Friday, September 19, 2008

Chandrayaan Unveiled

Bangalore, Sep 18: It looked like a colourful wrapped candy as the spacecraft that will launch India`s maiden odyssey to the moon was on Thursday unveiled here.

The spacecraft, lodged at `Checkout 2` room at the centre is all decked up with golden multilayer insulated foils covering a major part of its body with the highly sophisticated components sitting snugly inside.

The integrated lunar spacecraft has successfully passed the thermal vaccuum test where the spacecraft was inserted into a huge simulator akin to a well and its chambers closed.

The temperature of the chamber using infra red rays was raised to maximum of 120 degrees and lowered to minimum of over minus 100 degrees to test its mechanical and system integrity, an ISRO official said.

"The test, carried over 20 days, simulated conditions akin to the harsh environment in the moon where temperature ranges from high to very low. The test ensured that all the components and packages integrated were working and there was no mechanical or system defect, the official told the media team.

The spacecraft built by ISRO in collaboration with other partners like HAL will carry 11 payloads, including five instruments developed by ISRO. These include a Terrain Mapping Stereo Camera which could capture images having five m spatial resolutions (size of the smallest object that can be seen) and 20 km swath (width of the picture). This would help in topographic mapping of moon.

The spacecraft would have a hyper spectral camera (for mineral mapping), a laser-ranging instrument (for topography), Xray Fluorescence spectorometer (for chemical mapping), Higher Energy Xray spectrometer for identifying and understanding the transport of volatiles on the moon.

It will carry a moon impact probe (which will detach itself on arrival on the moon`s orbit), having three instruments, a mass spectrometeter, a C-band Altimeter and a video camera, which will capture information within 20 minutes during its slow falling motion on the moon`s surface, Srikumar, Chief Scientist, said.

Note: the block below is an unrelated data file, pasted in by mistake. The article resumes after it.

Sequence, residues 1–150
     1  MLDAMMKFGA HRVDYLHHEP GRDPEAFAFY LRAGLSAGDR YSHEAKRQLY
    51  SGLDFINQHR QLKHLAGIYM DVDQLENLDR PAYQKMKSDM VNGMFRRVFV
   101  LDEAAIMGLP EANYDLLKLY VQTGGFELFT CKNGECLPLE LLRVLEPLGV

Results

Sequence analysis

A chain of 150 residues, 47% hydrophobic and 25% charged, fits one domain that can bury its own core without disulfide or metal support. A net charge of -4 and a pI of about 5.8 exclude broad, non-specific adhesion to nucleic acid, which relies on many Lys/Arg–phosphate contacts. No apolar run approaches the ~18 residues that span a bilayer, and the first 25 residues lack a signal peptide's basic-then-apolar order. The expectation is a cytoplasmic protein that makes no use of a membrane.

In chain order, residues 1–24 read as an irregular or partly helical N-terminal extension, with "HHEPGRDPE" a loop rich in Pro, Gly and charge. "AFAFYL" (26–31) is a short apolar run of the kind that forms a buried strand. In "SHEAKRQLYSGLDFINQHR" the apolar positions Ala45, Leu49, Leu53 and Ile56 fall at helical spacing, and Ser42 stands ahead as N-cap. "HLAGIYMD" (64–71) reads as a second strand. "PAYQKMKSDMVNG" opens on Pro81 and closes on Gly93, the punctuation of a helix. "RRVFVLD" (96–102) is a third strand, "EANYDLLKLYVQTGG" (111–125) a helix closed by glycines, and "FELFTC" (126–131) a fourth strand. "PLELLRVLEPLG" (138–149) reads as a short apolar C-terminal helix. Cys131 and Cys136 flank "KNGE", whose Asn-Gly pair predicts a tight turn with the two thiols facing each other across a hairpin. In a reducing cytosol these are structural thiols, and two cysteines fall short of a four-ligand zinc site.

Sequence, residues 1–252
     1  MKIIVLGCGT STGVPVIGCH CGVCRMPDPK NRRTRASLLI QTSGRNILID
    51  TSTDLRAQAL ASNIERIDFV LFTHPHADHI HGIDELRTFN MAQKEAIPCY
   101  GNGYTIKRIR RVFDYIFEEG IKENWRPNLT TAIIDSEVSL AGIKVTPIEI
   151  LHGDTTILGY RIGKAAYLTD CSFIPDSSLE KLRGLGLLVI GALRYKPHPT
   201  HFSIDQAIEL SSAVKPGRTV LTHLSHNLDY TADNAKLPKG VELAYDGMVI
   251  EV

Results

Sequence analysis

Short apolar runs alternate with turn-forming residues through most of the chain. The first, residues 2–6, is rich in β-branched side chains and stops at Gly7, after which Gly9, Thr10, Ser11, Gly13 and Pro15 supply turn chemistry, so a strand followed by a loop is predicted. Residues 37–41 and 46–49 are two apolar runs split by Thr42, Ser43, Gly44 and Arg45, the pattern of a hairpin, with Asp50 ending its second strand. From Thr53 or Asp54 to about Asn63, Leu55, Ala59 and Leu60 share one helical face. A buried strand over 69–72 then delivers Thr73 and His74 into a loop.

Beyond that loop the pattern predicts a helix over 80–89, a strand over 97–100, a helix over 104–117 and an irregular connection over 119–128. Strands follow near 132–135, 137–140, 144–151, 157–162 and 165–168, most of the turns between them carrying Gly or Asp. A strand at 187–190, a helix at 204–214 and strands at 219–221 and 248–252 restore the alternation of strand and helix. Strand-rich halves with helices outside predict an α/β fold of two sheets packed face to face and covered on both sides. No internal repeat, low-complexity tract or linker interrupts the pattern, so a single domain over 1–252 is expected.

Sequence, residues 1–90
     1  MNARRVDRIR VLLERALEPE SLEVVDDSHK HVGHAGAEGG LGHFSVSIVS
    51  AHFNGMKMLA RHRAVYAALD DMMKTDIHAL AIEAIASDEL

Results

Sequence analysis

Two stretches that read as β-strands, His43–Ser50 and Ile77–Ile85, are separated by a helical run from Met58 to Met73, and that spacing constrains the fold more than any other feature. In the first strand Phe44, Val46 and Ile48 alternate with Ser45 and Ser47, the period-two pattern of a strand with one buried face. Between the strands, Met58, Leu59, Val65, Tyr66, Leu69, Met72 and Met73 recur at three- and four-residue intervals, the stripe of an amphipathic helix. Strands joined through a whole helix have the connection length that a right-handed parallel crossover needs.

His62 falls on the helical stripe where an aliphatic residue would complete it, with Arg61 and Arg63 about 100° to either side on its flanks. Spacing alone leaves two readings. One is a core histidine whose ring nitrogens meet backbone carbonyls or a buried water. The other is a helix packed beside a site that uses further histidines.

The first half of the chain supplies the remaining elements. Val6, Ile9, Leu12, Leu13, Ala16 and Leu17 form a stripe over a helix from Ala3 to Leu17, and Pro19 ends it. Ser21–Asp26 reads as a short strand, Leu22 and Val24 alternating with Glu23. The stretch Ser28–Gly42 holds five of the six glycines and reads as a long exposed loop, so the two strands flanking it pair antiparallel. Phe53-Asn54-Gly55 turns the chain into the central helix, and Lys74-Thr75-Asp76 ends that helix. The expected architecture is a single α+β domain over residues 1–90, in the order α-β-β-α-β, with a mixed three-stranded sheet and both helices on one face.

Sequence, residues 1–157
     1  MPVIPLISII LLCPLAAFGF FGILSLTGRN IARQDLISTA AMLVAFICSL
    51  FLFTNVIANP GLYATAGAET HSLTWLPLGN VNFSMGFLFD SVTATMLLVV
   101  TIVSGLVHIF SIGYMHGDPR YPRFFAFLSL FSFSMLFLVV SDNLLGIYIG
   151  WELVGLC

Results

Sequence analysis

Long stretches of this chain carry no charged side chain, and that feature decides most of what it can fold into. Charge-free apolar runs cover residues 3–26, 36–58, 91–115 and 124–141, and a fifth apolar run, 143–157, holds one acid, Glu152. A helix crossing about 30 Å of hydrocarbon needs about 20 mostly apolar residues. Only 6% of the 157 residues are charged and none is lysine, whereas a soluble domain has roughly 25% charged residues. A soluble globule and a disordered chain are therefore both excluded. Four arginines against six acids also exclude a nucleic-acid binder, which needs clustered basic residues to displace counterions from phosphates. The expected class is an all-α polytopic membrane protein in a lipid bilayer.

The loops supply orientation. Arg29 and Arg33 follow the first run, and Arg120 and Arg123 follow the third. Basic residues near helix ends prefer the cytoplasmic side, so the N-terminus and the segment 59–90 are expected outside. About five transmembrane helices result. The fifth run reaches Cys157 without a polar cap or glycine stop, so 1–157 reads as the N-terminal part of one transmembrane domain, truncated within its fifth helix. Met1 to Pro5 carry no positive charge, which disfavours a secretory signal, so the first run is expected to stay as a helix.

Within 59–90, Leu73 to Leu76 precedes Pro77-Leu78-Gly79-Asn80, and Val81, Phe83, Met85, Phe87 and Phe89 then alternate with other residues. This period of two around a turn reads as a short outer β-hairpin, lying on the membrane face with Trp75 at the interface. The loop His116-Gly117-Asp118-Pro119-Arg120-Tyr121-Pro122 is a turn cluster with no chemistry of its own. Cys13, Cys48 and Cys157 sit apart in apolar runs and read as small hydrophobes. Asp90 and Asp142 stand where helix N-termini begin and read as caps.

Apart from the above five pay load, it would carry additional instruments of other countries; a Miniature Imaging Radar Instrument from NASA (for detection of polar ice and soil topography, altimetery) Sub KeV Atom Reflecting Analyser (from IRF, Sweden, JAXA, Japan, supported by ESA and VSSC and ISRO) for detection of atmospheric neutrals composition, magnetic anomalies).

It would also have a Moon Mineralogy Mapper from US, Infra-Red Spectrometer-2 from Germany and Radiation Dose Monitor from Bulgaria for studying radiation.

"We received 26 offers to carry payloads and brought the number down after debating", an ISRO official said.

The spacecraft carries a bipropellant propulsion system for carrying fuel for two years in orbit.

After separation from the launcher, the spacecraft will be raised to moon rendezvous orbit by three consecutive "in-lane manoeuvres at the perigee (closest location to earth) to achieve the required 386,000 km apogee", M Annadurai, Project Director, said.

"After third perigee `burn`, the achieved lunar transfer trajectory orbit is computed using tracking data received by the Deep Space Network and midcourse correction if required is done.

"The spacecraft will coast for about five days in the trajectory prior to the lunar encounter," the official said.

"The major manoeuvre of the mission is called the lunar orbit insertion leading to lunar capture. The manoeuvre ensures successful lunar capture in a polar, near circular 500 kms altitude orbit around the moon," he said.

"After successful capture and health checks, the latitude will be lowered through a series of in-plane corrections to 100 km near circular orbit," Annadurai said.

"Everything has been planned to ensure that the satellite moves at a position when the moon was closest and could be captured by the Moon`s orbit. The satellite will rotate around the earth`s orbit twice before it is fired into the lunar orbit," he said.

The travel from the earth to moon`s orbit is expected to take around 20 days in all including five days during the last lap of the journey.

The nearly 1,400 kgs Chandrayaan will be launched by PSLV-XL, a variant of flight proven PSLV from Satish Dhawan Space Centre and tracked and commanded by a 32 metre antenna at Byalalu near Bangalore.

The mission would provide insights into the chemical composition of the moon, detect, if any, the presence of water, study solar winds, map minerals and attempts to answer questions on moon`s composition. It will study far and near side of the moon and provide a three-dimensional picture.

While India prepares for its maiden unmanned mission, the Chandrayaan Mission two is already on the drawing board, he said, adding that the second mission would have Rover landing on the moon and collect samples.

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